A superb treat for all gridiron fans.

Pub Date: Sept. 20, 2016

ISBN: 978-1-5011-1619-3

Page Count: 320

Publisher: Scribner

Review Posted Online: July 4, 2016

Kirkus Reviews Issue: July 15, 2016

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The author's youthfulness helps to assure the inevitable comparison with the Anne Frank diary although over and above the...

NIGHT

Elie Wiesel spent his early years in a small Transylvanian town as one of four children. 

He was the only one of the family to survive what Francois Maurois, in his introduction, calls the "human holocaust" of the persecution of the Jews, which began with the restrictions, the singularization of the yellow star, the enclosure within the ghetto, and went on to the mass deportations to the ovens of Auschwitz and Buchenwald. There are unforgettable and horrifying scenes here in this spare and sombre memoir of this experience of the hanging of a child, of his first farewell with his father who leaves him an inheritance of a knife and a spoon, and of his last goodbye at Buchenwald his father's corpse is already cold let alone the long months of survival under unconscionable conditions.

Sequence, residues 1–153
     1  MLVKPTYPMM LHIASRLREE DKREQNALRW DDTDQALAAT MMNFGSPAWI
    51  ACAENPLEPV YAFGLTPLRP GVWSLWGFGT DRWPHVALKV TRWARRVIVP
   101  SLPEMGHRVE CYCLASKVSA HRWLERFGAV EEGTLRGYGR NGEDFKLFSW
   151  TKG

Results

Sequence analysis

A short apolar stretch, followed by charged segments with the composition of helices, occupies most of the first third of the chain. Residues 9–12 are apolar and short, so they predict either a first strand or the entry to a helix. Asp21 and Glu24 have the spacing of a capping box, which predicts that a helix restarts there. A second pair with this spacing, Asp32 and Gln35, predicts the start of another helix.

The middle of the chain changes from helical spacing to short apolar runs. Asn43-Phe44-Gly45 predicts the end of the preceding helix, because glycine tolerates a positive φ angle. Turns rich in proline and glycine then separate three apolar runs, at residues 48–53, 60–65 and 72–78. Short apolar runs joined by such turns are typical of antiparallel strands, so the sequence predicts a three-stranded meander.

The author's youthfulness helps to assure the inevitable comparison with the Anne Frank diary although over and above the sphere of suffering shared, and in this case extended to the death march itself, there is no spiritual or emotional legacy here to offset any reader reluctance.

Pub Date: Jan. 16, 2006

ISBN: 0374500010

Page Count: 120

Publisher: Hill & Wang

Review Posted Online: Oct. 7, 2011